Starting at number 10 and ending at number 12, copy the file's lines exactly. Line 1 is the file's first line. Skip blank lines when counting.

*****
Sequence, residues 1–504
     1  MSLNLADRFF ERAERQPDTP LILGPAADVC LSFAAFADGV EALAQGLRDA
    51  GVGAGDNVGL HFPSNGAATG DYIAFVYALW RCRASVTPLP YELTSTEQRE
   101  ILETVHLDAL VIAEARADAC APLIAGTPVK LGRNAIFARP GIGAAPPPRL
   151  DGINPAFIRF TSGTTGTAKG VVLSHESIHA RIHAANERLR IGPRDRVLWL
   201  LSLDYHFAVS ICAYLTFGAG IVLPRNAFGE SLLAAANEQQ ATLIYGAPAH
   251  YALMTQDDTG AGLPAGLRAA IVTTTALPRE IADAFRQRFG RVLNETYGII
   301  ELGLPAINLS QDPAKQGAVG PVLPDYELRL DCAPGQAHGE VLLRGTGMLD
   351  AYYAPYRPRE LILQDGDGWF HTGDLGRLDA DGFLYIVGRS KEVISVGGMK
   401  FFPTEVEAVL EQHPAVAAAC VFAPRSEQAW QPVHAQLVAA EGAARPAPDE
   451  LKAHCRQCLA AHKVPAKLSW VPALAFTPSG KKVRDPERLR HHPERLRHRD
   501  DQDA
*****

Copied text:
   401  FFPTEVEAVL EQHPAVAAAC VFAPRSEQAW QPVHAQLVAA EGAARPAPDE
   451  LKAHCRQCLA AHKVPAKLSW VPALAFTPSG KKVRDPERLR HHPERLRHRD
   501  DQDA